Campbells soup cans get new design for first time in 50 years
Campbell Soup lowers annual profit forecast as costs rise
Campbell Soup warns of slowing sales as COVID-19 crisis wanes
2020 strikes again: There may be a cookie shortage over the holidays
Campbell Soup sales surge on coronavirus stockpiling, but stock dives
Someone might need to update Andy Warhol’s “Campbell’s Soup Cans” prints.
The labels on the iconic Campbell’s soup cans are getting their first redesign in five decades.
The famed red and white design will remain, but the Campbell’s logo is receiving a “modernized logo scripture.” As part of this change, Campbell’s is eliminating the shadow and slightly changing its font based on founder Joseph Campbell’s original signature.
“The refreshed label still evokes the same sense of comfort, goodness and Americana,” Campbell Soup Company said in a statement.
Other changes to the design include the word “soup” printed in a new font. Campbell’s fans can also spot more hidden elements, such as the Campbell’s “C” in the fleur de lis and a slanted “O” in the word soup — which pay tribute to the letters from the first label in 1898. Tomato, cream of chicken, cream of mushroom and chicken noodle will receive the redesigned labels, which are currently rolling out to store shelves.
“We’ve been on a journey to reimagine this iconic brand and appeal to new generations of consumers who are cooking at home more than ever, while still honoring our rich history,” said Linda Lee, chief marketing officer for meals and beverages, in a statement.
The company tweeted out, “New label, same M’m! M’m! Good!® taste you know and love… Look for our new design on shelves & online!”
In celebration of a new label design, Campbell’s is dropping its first-ever non-fungible token (NFT) beginning Tuesday at 5:30 p.m. ET. Street-style artist and illustrator Sophia Chang was brought on to create a 100-piece series and an exclusive animated work to fight food insecurity with all proceeds benefitting Feeding America. The brand will also work with livestream shopping platform NTWRK and climate organization Aerial to offset the NFT’s carbon footprint.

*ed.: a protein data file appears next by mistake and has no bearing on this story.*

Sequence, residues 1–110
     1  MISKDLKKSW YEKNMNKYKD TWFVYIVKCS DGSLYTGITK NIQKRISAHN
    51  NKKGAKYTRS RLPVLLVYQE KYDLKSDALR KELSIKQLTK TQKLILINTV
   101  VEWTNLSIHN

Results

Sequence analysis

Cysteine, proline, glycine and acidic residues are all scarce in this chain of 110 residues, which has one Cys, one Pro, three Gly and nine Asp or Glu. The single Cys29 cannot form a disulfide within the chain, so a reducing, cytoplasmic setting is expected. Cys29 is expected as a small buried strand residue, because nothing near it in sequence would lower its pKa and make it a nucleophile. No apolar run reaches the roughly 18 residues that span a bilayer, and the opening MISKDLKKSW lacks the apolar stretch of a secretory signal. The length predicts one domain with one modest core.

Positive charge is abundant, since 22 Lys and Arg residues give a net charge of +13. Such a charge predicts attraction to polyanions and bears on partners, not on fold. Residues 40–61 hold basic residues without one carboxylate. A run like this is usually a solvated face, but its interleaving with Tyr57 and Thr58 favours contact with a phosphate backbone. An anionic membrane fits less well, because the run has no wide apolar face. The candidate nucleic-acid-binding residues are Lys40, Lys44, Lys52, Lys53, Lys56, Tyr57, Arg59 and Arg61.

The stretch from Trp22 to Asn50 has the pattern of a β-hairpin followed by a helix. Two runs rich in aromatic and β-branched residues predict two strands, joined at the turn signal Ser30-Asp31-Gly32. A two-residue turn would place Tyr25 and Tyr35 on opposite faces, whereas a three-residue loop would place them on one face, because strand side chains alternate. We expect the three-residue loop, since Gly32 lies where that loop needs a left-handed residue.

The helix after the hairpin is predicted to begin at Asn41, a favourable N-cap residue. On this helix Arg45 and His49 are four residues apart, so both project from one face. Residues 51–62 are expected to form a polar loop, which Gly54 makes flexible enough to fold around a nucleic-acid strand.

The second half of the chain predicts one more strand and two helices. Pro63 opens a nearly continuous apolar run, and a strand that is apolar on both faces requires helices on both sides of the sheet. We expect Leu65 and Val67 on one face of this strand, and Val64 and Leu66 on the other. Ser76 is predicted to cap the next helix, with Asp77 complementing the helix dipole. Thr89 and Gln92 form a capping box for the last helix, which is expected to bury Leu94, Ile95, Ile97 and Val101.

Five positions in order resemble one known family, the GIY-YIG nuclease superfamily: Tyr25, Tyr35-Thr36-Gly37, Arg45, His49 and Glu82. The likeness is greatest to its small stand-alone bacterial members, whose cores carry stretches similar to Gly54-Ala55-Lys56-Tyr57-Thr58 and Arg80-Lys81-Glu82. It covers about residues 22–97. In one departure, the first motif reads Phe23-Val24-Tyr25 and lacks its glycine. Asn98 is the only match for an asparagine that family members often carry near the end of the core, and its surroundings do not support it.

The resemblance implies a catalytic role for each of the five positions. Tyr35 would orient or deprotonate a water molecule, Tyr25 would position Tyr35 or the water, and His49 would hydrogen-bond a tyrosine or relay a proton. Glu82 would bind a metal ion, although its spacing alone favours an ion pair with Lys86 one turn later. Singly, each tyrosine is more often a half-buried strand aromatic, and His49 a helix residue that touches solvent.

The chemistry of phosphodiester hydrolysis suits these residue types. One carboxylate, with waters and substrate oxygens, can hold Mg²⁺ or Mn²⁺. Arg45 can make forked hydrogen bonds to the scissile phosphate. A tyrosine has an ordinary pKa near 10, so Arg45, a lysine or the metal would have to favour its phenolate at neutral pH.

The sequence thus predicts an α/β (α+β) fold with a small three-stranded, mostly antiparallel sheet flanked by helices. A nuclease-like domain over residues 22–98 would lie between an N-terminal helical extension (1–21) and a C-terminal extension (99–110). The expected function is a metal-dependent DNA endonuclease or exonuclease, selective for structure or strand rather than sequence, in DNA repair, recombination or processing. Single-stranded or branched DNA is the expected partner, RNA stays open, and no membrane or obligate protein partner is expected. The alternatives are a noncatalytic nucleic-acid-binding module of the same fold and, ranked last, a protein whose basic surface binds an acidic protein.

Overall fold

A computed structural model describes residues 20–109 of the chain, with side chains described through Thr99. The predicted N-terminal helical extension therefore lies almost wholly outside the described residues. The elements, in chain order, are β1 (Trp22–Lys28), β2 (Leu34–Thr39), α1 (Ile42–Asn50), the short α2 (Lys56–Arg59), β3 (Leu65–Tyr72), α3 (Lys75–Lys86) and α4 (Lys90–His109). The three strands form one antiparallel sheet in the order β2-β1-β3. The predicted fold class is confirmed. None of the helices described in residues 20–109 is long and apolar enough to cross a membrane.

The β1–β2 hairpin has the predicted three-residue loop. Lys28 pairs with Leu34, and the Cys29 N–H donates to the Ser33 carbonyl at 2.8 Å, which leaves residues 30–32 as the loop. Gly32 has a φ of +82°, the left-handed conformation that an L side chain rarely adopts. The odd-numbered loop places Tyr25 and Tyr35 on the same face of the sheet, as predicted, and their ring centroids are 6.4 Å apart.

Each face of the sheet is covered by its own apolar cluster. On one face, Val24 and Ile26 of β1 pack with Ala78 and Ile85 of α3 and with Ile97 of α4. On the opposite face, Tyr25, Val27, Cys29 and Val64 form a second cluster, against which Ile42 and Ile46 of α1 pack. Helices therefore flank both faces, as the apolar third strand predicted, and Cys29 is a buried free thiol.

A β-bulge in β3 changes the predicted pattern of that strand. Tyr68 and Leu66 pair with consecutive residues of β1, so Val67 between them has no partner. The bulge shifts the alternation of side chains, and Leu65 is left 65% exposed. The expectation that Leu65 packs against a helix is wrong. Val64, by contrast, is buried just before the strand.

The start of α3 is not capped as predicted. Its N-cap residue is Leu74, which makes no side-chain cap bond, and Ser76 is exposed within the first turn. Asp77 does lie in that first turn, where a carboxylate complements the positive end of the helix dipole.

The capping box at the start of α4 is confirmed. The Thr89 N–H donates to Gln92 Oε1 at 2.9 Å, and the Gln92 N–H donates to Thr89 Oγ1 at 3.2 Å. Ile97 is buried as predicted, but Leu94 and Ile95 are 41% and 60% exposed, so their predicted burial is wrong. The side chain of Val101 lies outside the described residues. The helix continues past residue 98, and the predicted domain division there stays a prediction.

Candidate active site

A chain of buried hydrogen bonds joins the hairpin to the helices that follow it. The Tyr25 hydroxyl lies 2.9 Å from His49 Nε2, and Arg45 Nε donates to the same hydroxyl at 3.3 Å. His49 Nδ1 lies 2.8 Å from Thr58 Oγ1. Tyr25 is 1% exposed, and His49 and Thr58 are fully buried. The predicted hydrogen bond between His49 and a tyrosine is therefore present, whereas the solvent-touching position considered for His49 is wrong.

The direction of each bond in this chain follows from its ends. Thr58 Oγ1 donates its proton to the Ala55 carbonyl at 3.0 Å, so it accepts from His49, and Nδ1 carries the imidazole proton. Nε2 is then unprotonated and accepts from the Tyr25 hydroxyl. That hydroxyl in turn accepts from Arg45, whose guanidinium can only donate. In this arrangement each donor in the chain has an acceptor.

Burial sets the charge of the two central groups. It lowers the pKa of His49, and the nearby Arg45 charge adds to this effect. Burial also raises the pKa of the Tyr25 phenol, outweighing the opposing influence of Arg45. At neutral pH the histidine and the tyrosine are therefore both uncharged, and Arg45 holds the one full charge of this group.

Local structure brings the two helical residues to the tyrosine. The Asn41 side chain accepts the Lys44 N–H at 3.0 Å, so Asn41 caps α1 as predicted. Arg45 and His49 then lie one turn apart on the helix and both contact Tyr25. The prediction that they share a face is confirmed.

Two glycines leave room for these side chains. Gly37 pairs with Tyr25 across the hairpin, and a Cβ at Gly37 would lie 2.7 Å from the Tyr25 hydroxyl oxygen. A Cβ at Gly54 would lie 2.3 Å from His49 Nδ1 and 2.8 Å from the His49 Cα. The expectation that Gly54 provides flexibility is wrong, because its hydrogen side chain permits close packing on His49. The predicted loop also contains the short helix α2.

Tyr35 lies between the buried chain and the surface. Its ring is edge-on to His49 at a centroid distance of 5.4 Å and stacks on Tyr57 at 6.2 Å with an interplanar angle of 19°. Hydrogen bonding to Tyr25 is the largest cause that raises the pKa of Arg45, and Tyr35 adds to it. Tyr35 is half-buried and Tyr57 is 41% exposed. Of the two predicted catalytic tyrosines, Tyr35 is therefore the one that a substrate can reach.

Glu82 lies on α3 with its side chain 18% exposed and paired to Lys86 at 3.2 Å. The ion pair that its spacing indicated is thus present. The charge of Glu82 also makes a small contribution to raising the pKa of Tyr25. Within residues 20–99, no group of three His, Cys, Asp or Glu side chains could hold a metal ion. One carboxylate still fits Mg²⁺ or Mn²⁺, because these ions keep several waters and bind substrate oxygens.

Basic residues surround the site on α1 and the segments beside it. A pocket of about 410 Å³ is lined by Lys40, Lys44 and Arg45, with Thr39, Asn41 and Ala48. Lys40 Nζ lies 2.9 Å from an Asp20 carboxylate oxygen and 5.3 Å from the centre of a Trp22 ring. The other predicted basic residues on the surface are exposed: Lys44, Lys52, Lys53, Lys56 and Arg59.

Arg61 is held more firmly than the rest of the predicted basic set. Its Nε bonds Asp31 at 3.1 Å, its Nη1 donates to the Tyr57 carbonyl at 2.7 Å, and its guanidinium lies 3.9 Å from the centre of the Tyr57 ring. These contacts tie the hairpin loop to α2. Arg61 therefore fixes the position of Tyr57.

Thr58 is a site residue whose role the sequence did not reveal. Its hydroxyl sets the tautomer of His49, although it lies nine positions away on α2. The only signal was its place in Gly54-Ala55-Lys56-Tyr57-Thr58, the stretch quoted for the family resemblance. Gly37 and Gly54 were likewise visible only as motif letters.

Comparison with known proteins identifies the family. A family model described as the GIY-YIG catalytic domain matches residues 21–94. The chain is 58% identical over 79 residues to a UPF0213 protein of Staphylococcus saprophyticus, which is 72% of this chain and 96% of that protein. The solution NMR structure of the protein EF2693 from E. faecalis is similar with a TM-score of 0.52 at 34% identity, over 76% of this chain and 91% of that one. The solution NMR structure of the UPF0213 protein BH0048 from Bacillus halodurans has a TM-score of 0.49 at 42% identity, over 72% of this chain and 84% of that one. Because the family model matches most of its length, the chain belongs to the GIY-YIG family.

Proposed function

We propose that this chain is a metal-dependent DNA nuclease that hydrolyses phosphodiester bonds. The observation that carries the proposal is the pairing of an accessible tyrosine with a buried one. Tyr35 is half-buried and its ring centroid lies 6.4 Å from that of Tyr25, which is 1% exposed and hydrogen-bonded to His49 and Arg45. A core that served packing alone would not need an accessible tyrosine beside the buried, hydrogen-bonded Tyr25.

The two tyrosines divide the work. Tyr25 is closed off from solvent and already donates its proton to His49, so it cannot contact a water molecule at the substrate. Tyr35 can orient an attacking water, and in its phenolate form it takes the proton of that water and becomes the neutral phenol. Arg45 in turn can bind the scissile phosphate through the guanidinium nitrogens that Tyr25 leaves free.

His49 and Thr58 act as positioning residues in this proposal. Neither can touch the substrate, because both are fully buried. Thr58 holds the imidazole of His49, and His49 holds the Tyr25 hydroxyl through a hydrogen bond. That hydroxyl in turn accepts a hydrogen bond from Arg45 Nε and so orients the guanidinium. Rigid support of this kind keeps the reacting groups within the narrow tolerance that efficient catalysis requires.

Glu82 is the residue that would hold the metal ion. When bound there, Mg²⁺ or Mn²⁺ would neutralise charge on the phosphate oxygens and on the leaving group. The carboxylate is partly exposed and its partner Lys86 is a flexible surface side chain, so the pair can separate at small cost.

Chang, who is from Queens, was selected due to her “storytelling approach to her art and passion to empower communities.” Her NFT is a tribute to the company’s continued evolution, as shown through its shifting designs over the years.
“Some of the most famous pop art ever created was inspired by the Campbell’s red and white can — the design is as much a staple of the grocery aisle as it is American culture,” said Chang in the release. “As a visual storyteller, I always am looking for new ways to express creativity. I wanted to hero the beloved label with keywords that connect to the brand for me, while including a photo-real element of the fresh label to celebrate the new design.”
The canned soup giant reported a 15 percent surge in quarterly net sales in June 2020, thanks to consumers stockpiling shelf-stable foods amid the pandemic. Customers snapped up Campbell’s items so fast last quarter that the company struggled to keep up with demand, according to Chief Executive Mark Clouse. But in March 2021, the company warned of slowing sales as the COVID-19 crisis wanes.
Campbell Soup this June cut its forecast for annual earnings after its quarterly results fell short of estimates, in part due to higher costs related to raw materials and transportation.
Share this article:
Source: Read Full Article